April 9, 2008
Jack Covert Selects: Jack Covert Selects - Creating a World Without Poverty
Economist and banker Muhammad Yunus has often been described as a visionary. His work with microcredit lending earned him the Nobel Peace Prize in 2006; the only other recipient that year was the micro lending company he founded, Grameen Bank.
Much of Creating a World Without Poverty focuses on the "Grameen Experiment," documenting the financial practicality of a social business. You may be asking, "What is a social business anyway?" Well, Yunus believes that "to make the structure of capitalism complete" a new kind of business needs to emerge "not to achieve limited personal gain but to pursue broad social goals." Tackling concerns usually associated with aide groups, social businesses differ from non-profits and NGOs in that they don't rely on charitable donations and grants to pursue their mission.
Yunus believes global markets can alleviate poverty, writing that "Globalization, as a general business principle, can bring more benefits to the poor than any alternative," but tempers that enthusiasm with statements like, "Unfettered markets in their current form are not meant to solve social problems and instead may actually exacerbate poverty, disease, pollution, corruption, crime, and inequality." This is what he believes social business can address. He sums up his feelings, writing "I am in favor of strengthening the freedom of the market. At the same time, I am very unhappy about the conceptual restrictions imposed on the players in the market."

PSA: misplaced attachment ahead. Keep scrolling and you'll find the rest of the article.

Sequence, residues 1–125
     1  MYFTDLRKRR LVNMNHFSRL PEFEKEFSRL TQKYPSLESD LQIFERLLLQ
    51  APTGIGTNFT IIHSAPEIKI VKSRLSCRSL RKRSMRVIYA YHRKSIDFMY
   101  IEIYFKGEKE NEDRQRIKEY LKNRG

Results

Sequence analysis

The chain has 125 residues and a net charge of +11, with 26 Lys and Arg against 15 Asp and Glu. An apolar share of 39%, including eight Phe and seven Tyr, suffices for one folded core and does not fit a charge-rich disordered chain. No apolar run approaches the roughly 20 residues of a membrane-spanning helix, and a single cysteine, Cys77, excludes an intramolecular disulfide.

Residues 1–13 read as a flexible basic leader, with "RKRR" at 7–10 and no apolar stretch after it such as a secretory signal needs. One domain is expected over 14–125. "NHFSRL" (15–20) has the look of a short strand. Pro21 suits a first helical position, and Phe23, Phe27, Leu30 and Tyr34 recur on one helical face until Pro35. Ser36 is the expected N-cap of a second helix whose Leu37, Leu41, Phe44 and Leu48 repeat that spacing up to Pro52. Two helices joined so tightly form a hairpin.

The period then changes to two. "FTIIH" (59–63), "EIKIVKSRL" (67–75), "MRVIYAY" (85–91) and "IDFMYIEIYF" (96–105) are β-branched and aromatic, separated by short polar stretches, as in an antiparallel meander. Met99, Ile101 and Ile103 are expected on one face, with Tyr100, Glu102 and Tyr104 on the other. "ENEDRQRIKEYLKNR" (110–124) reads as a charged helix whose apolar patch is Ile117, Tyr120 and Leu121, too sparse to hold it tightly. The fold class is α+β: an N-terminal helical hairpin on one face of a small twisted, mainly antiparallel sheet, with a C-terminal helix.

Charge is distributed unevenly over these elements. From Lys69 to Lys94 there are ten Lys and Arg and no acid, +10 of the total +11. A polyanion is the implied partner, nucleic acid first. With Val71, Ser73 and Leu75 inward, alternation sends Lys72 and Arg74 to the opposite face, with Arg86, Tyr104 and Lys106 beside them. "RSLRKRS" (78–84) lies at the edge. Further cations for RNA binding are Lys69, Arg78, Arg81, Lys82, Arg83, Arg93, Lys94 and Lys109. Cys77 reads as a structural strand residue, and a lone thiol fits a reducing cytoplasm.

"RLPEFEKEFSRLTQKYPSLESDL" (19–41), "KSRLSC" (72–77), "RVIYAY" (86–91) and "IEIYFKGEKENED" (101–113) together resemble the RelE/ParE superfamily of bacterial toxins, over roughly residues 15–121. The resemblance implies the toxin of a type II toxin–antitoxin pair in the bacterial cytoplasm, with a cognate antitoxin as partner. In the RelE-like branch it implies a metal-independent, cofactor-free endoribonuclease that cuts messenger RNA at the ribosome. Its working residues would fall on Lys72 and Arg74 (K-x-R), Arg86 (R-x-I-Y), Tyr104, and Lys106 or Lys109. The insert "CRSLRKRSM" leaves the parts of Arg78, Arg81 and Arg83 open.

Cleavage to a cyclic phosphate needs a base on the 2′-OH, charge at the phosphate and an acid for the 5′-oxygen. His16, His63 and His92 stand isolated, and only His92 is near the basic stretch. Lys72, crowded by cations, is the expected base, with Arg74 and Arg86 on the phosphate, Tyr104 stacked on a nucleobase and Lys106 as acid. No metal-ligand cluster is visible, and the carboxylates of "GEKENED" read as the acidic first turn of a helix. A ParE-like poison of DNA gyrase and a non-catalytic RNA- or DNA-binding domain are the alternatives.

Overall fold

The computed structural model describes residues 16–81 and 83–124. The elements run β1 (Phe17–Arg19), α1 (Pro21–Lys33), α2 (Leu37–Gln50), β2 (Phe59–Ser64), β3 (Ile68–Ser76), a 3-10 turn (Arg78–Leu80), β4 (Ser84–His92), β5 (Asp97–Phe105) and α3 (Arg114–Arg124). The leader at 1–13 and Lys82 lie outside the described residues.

Yunus continues to broaden the concept of business. One example is Grameen's entering a joint venture in Bangladesh with Group Danone (Dannon) to help address the serious malnutrition that exists there. Grameen Danone is a social business, producing fortified yogurt to shore up the diet of rural Bangladeshi--primarily children--and selling it at a price that keeps the venture self-sustaining, but no more than that. The business pays no financial dividends to its investors--it exists solely to address a need and if they turn a profit, it will be used to expand its capacity to affect human lives.
We all know the business model works, and that it drives innovation and progress. Yunus is working in that tradition, suggesting and that alongside our profit-driven businesses, it would serve us well to build businesses driven by social concerns--and he is proving it can work. If enough people get on board, we may some day realize Yunus's vision of putting poverty in a museum.
About Dylan Schleicher
Dylan Schleicher has been a part of the 800-CEO-READ claque since 2003. Even though he's stayed on at the company, he has not stayed put. After beginning in shipping & receiving, he joined customer service and accounting before moving into his current, highly elliptical orbit of duties overseeing the ChangeThis and In the Books websites, the company's annual review of books and in-house design. He lives with his wife and two children in the Washington Heights neighborhood on Milwaukee's West Side.